By Matin Durrani
An e-mail arrived in my inbox this morning from Rob Meyer, who names himself “administrator” of the Fundamental Physics Prize Foundation, seeking nominations for the Breakthrough Prize, which is worth a tasty $3m, and for the $100,000 New Horizons Prize, which is aimed at “young researchers”.
In case you’ve forgotten, the foundation was funded by the Russian investor Yuri Milner, who did a degree in physics at Moscow State University before making squillions investing in start-up companies such as Facebook and Twitter.
The prize has come under fire from the likes of Peter Woit, who last year complained that it is too focused on string theorists and that it keeps being awarded to the same small number of people.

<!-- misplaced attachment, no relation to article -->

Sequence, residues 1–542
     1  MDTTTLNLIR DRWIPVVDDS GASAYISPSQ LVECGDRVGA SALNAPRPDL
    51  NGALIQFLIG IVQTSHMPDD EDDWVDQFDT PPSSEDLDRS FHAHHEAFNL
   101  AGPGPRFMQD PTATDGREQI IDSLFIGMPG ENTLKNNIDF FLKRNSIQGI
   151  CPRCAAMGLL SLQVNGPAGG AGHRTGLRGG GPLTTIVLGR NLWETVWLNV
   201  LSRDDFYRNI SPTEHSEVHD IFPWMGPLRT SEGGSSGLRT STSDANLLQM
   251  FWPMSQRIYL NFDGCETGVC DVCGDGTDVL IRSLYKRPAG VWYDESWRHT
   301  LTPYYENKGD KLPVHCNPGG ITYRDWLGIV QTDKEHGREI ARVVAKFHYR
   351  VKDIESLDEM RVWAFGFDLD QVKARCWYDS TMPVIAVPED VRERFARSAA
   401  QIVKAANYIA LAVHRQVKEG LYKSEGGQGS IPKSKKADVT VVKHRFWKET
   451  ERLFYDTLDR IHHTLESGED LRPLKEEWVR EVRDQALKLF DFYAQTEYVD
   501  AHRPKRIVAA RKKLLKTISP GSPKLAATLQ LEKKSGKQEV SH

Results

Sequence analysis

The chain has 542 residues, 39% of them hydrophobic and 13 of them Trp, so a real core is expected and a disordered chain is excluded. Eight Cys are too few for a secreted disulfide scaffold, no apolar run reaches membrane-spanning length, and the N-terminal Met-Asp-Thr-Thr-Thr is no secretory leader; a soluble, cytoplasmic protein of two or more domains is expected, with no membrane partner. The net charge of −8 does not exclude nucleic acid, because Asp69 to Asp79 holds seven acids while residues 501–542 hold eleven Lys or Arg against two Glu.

Be that as it may, there are few physicists, I would argue, who would turn their noses up at the prospect of $3m and – as if to prove the point – Meyer’s e-mail contains links to the rules governing the prize.
I have to admit I was expecting to see – for prizes this big – an enormously long page littered with terms and conditions, criteria, nominations guidelines, blah, blah, blah. In fact, the rules are spectacularly short and sound almost as if they have been drawn up for your local charity cake sale. The nominations process also seems fairly painless and the selection committee you’ll need to convince can be seen here.
I’m not endorsing the prize in any way but as they say, “You’ve got to be in it to win it”.
For more on how receiving awards can help – and sometimes hinder – a recipient’s career, don’t miss my colleague Margaret Harris’s article “Gongs away“.